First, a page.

Success Stories

For people who experience a mental health condition, healing may take years, possibly spread over the course of a lifetime.

Gilead Community Services understands that the path to recovery and independence is not always straight, fast or smooth. Gilead’s services are designed to meet the challenges and needs of individuals, helping each to find the way for the long run. Since 1970, friends, neighbors and family members have found a path to a more meaningful life because Gilead, with the support of many, has enabled that progress.

Countless success stories come out of Gilead’s annual road race each year that inspire and move us. Mike Black, Psychotherapist at Gilead’s Outpatient Clinic, considers himself lucky to be part of one such success story. Although Mike had participated as a fundraiser in the past, 2022 was the first time he attended. He accompanied and walked alongside L.M for as far as she was able. The plan was never to finish the race (or so he thought). L.M. has some physical challenges that cause her to be a fall risk and unstable while walking. Mike and L.M. were going to take their time, turn around when she was ready and just enjoy the day!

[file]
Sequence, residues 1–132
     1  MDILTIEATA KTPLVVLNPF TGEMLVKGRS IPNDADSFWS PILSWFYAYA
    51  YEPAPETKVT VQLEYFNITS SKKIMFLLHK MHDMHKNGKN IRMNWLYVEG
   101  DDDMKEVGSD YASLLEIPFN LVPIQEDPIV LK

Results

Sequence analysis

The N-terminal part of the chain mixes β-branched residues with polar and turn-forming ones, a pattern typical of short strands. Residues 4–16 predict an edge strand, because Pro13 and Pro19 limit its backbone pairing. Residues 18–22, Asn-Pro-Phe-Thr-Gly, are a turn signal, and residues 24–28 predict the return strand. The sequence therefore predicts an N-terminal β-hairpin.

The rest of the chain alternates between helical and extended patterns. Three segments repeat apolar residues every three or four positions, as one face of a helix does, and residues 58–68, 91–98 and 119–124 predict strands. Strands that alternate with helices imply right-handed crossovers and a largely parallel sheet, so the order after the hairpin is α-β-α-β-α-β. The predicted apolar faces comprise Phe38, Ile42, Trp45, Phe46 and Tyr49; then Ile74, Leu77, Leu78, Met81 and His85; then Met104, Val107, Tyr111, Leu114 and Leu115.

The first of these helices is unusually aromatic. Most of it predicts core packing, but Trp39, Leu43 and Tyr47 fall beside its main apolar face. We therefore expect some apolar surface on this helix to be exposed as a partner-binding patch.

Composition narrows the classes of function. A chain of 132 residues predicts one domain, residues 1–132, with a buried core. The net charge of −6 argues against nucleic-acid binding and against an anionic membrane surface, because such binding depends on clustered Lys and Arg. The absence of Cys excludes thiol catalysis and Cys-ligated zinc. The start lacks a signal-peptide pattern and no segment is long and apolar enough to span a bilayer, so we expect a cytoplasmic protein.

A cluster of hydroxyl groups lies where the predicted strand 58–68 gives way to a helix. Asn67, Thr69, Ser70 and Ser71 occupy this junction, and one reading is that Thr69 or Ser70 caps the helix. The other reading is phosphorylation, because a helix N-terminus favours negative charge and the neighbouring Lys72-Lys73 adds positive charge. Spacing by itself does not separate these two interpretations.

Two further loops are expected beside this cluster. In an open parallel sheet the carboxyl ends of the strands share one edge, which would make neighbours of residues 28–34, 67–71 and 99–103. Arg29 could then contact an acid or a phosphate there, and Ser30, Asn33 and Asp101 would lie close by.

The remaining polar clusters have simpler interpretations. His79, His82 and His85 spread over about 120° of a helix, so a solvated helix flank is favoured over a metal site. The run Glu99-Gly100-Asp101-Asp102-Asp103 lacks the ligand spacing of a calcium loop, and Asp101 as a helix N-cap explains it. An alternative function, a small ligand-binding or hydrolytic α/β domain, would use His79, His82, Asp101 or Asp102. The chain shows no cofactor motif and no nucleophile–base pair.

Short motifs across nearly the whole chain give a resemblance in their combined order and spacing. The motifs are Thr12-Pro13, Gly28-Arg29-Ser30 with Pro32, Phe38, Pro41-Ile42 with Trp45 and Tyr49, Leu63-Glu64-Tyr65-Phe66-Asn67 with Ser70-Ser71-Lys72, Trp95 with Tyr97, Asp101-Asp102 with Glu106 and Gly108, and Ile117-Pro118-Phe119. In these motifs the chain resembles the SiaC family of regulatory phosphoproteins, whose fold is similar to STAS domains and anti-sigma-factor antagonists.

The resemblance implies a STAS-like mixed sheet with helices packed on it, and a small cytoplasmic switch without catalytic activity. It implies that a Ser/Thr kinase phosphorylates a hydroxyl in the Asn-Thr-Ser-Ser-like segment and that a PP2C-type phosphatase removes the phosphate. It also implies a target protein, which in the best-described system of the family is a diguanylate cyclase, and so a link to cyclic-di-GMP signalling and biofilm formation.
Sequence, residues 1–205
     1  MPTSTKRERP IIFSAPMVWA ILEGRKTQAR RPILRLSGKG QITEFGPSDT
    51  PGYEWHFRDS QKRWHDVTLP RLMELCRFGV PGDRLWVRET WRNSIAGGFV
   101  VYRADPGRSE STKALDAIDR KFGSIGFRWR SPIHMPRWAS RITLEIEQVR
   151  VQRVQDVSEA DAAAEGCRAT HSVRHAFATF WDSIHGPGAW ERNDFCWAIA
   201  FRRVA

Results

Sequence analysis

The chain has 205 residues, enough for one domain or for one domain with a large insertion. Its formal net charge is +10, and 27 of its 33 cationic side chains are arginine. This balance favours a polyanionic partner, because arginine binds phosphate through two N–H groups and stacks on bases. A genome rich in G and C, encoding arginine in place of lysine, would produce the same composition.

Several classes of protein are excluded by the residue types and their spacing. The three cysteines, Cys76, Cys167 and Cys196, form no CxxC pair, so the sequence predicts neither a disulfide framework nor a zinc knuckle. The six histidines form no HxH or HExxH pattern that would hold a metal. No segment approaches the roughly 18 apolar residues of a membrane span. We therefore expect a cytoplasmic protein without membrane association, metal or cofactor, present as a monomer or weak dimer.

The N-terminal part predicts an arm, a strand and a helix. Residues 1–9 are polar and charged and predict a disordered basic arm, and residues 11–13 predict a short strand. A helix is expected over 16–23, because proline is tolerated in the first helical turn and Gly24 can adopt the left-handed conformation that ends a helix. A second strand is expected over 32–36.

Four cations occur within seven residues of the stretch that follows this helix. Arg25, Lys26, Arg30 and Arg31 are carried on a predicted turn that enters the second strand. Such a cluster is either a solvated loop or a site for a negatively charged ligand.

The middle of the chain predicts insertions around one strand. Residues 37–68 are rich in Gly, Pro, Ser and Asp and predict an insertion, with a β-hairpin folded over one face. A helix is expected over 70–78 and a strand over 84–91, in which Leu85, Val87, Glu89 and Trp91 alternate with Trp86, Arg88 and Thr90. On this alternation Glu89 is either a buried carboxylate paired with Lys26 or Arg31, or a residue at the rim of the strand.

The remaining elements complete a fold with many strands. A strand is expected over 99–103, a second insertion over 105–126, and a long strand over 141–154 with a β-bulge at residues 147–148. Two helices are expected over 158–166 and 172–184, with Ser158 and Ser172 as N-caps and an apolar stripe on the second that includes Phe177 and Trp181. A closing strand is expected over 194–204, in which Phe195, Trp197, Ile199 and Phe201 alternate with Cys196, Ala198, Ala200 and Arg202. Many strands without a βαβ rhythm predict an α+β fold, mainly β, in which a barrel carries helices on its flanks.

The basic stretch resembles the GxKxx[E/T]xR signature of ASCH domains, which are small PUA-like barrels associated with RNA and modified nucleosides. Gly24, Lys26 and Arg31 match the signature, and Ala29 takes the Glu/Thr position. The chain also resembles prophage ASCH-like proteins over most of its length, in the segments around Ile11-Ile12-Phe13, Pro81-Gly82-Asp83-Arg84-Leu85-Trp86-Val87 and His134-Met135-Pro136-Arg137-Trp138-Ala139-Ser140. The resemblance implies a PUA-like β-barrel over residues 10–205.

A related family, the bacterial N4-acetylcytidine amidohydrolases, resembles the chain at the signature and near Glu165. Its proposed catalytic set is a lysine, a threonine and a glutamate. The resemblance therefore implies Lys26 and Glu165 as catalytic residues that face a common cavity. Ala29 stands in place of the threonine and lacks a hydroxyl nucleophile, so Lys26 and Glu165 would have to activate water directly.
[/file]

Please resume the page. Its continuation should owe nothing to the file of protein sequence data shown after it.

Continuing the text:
“She just kept going,” Mike laughs. “We walked slow and at times she struggled, so we rested and took a break, but she had her mind set to get to the finish line.” Mike asked her many times if she wanted to turn around but L.M. was motivated to keep going. “The further we walked, the more people joined to walk or cheer for us! No one pushed her to keep going, we just walked alongside. L.M. was totally self-motivated.”

After the event, L.M. suffered from muscle soreness and sores on her feet for weeks. But that did not hamper her enthusiasm. She continued to talk about the day and finishing the race for months! L.M. has even inspired a friend to not only attend, but to cross that finish line with her in 2023.